She didn’t know that I’d discussed and planned with my editor the merging of a poem with a painting, to present as a gift.  I asked, “Do you have anything that represents an angel?”  She replied, “Yeah, as a matter of fact…why?”  The image above is that rendering.
Who knows the ways our soul speaks to us when we just stop and…listen?  Perhaps it is, indeed, the angels among us.  Whatever it is, that couple – running a simple coffee shop – are two of the most faith-filled people I’ve ever met.  What furious trepidation fills the heart of a young mother, faced with her own mortality?  Yet, there she was, putting on a brave smile, welcoming us all as though she might never see us again.  I’m certain of one thing:  she, and her family, are in the nightly prayers of many…as angels quietly guard.


​Back to that friend I mentioned...this is where the story becomes…challenging.  When her brother first conveyed to me news of her death in a phone call, it was sobering, to put it mildly.  Speaking of her prolonged struggles with pain and incapacitation, he told me about her decision to end her life. 
As one who’d personally assisted her with numerous physician appointments and a course of treatment to restore her “quality of life,” I knew well her struggles with pain, debilitation, drug dependency and grim prognoses.  Still, through it all, she remained a vibrant, joyful voice in a volunteer church choir, happy to be among her “choir family,” as we call ourselves.  Within our “family,” she was much loved and respected for her strength in the face of adversity.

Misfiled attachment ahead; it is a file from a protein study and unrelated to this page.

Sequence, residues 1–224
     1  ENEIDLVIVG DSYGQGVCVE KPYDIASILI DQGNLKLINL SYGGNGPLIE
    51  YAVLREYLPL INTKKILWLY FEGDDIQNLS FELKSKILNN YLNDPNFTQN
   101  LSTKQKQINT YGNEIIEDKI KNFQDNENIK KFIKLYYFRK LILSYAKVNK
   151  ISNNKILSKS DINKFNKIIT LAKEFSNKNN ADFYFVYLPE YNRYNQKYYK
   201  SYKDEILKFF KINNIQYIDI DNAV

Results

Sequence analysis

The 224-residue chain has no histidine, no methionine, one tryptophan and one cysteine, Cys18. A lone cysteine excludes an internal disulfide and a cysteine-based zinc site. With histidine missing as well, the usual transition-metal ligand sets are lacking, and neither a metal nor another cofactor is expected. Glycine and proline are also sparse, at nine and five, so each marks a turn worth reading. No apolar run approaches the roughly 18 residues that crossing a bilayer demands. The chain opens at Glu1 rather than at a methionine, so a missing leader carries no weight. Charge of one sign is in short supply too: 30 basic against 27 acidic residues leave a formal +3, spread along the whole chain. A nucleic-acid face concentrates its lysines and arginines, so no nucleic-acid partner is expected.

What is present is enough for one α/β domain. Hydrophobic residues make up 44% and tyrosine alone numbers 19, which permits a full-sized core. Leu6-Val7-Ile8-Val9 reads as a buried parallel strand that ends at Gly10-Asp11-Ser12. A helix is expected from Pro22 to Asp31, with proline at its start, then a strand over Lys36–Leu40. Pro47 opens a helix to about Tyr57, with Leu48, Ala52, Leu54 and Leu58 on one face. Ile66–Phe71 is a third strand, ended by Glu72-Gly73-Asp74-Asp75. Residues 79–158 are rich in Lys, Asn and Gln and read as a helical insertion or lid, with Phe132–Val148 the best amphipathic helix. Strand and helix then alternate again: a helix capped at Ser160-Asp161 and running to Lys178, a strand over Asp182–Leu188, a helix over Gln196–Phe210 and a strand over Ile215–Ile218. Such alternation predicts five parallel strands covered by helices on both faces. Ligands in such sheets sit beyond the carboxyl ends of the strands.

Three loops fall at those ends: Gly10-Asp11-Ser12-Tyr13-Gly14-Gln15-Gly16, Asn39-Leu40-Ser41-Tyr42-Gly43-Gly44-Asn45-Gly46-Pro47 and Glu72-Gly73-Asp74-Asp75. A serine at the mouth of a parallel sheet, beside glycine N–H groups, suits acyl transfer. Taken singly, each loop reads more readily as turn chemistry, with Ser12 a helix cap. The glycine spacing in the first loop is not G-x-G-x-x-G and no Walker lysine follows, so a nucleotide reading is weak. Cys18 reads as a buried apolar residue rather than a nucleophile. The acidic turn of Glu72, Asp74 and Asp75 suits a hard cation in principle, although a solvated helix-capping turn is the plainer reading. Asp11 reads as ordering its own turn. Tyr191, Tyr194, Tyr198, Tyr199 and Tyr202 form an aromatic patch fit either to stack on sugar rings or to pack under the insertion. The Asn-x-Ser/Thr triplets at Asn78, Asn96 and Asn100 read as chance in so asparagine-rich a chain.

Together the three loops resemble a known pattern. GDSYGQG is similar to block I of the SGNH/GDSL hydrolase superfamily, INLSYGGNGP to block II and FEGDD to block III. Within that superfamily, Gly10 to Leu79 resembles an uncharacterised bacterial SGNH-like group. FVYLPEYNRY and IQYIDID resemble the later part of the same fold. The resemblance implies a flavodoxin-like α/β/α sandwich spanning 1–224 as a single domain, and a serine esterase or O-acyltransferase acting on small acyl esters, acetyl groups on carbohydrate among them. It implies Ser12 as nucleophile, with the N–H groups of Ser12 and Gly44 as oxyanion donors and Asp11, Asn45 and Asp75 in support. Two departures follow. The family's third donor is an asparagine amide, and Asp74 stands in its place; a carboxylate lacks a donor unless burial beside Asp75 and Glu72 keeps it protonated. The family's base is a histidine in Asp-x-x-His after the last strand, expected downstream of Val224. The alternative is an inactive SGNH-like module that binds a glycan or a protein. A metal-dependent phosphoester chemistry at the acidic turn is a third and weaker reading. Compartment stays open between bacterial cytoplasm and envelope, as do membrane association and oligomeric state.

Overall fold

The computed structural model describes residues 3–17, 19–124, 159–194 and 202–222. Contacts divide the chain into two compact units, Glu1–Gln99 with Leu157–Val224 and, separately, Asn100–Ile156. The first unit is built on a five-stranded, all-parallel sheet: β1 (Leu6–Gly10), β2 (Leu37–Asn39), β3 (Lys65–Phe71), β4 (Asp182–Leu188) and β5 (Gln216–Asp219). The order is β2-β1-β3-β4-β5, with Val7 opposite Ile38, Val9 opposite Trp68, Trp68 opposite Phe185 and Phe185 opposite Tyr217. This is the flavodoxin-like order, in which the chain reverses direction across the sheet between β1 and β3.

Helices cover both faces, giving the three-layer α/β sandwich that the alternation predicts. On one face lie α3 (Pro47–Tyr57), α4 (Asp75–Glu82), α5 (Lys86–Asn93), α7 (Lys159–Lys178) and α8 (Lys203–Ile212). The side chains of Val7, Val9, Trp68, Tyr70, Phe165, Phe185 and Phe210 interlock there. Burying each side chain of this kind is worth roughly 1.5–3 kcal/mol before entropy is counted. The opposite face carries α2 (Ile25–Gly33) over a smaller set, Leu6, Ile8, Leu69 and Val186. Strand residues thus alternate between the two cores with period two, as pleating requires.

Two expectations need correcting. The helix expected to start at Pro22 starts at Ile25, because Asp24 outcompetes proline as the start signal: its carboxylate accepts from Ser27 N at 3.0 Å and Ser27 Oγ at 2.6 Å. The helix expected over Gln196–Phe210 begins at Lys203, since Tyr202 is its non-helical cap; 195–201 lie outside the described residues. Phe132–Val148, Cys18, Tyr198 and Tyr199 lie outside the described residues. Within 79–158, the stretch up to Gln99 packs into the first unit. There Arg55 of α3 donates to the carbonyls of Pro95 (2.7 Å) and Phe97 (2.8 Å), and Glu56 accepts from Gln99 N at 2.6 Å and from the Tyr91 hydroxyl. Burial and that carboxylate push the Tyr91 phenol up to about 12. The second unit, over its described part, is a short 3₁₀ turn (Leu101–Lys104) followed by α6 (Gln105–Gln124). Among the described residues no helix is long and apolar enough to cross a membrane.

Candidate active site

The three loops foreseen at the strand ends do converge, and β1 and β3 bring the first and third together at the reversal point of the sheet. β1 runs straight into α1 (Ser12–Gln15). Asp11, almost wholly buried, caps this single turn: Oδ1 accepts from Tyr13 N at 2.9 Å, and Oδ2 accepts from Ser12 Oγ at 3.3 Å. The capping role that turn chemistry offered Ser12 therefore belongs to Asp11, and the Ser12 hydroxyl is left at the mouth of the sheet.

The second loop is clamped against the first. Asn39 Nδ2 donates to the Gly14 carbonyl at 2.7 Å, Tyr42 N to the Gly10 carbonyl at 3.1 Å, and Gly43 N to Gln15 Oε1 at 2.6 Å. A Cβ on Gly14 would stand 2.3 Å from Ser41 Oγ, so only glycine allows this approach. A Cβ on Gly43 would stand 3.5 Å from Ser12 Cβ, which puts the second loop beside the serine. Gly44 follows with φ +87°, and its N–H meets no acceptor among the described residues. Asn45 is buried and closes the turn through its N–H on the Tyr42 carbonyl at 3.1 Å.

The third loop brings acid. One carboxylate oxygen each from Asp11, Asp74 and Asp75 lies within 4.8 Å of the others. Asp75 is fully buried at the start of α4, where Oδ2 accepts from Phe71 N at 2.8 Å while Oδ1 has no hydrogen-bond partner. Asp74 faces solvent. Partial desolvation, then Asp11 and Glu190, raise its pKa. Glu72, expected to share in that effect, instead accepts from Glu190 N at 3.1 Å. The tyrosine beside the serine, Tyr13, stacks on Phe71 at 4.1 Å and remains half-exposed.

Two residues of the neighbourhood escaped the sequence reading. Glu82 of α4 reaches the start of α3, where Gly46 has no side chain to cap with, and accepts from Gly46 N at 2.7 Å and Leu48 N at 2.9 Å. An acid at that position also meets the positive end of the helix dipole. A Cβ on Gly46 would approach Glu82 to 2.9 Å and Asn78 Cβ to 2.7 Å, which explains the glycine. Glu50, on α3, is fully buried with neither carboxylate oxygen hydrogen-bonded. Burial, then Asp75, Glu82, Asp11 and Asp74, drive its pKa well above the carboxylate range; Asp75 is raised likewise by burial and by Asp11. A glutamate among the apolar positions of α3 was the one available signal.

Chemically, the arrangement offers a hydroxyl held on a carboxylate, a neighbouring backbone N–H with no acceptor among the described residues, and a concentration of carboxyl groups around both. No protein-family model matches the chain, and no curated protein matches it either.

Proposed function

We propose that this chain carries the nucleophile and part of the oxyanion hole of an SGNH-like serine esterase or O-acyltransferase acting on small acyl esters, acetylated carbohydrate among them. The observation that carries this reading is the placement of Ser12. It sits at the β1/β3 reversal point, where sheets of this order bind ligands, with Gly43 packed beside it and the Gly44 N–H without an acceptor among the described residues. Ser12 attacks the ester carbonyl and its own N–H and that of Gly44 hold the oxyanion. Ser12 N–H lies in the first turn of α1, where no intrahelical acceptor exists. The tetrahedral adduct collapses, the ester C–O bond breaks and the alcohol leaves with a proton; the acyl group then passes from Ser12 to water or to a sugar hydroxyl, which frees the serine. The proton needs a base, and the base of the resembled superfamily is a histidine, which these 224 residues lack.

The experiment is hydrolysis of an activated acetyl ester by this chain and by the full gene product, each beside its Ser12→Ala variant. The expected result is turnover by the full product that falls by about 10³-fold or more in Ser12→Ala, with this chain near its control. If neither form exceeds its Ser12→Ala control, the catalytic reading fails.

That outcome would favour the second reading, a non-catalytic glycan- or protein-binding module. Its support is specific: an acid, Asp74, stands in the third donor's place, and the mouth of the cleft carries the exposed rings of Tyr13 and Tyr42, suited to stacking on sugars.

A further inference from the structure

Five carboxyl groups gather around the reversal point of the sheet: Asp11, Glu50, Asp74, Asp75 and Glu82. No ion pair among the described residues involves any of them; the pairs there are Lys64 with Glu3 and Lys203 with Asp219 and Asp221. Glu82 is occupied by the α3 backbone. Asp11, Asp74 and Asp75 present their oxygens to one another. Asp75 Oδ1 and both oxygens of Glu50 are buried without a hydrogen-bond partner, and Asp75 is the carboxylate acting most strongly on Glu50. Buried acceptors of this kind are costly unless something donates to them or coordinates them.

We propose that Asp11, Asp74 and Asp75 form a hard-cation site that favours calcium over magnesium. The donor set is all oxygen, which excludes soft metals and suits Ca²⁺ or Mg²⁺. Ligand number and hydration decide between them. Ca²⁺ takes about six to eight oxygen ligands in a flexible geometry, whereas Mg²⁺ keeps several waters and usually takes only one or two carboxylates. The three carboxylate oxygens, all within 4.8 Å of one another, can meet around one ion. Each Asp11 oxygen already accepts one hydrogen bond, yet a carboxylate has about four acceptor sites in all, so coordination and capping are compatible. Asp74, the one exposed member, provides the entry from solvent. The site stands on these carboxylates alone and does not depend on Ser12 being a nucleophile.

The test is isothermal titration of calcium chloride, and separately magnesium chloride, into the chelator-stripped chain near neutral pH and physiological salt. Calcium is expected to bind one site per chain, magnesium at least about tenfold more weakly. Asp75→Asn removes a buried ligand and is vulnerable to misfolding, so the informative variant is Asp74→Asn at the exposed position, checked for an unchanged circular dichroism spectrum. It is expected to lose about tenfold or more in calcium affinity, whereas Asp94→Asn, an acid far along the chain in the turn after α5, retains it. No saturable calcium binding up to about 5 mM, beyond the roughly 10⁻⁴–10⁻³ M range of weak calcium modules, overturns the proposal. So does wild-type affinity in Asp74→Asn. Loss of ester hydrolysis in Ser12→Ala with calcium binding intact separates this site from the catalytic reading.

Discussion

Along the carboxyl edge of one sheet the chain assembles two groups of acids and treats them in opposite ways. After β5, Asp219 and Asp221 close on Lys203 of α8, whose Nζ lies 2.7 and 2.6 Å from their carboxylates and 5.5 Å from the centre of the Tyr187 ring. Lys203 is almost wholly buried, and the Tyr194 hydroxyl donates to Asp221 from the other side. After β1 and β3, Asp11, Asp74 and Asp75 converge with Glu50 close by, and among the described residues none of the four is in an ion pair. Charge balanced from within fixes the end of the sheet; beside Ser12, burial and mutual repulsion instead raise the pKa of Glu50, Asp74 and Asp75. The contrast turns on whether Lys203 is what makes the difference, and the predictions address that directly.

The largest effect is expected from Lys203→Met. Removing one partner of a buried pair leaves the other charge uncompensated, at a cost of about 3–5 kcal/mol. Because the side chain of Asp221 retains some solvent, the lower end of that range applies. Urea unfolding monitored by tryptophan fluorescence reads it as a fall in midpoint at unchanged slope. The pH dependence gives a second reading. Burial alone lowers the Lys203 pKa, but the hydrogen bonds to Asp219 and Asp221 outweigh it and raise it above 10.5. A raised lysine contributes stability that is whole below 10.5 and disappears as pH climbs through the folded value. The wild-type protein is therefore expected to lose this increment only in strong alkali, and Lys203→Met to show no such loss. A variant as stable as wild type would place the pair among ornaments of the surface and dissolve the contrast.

Sadly, this season of Covid imprisoned her in isolation, in a new living arrangement within one of those “Senior Care Facilities” mentioned earlier.  Indeed, last autumn she found herself in hospital – another victim of Covid-19.  She called me the afternoon before her release to talk.  In the course of that conversation, she said, “All I know is that my guardian angel has been working overtime, all my life!”
Though she’d entered her new home as an independent living candidate, it didn’t take long for staff to recognize her need for more “dependent living” arrangements.  When this reality finally settled upon her, like a pall, she began to realize her worst fears: dependency upon others, and relinquishing control of many basic liberties of her independent lifestyle.  To a former registered nurse of thirty-plus years, and a healthcare champion, this must have seemed a living hell.  As she, herself, once told me: “I never want to be somebody’s burden.”  Alone, terribly lonely, unable to walk, and forced by eviction to relocate yet again, she made a conscious choice…
…do any of us know, with absolute certainty, the choice we might make?  Despite all of our Judeo-Christian teachings on the topic, here's what Uncle Gene’s “Gettin’ old sucks” philosophy has taught me:  the last full measure of any person is not the manner in which they die; rather, the manner in which they lived.  For my friend, who helped heal and save hundreds of lives over the course of her professional healthcare career, her humanity was without reproach; her compassion for others, boundless.  She truly left the world a better place than she found it.  By that measure, I believe God has blessed her memory, and embraces her as you read this.  Peace.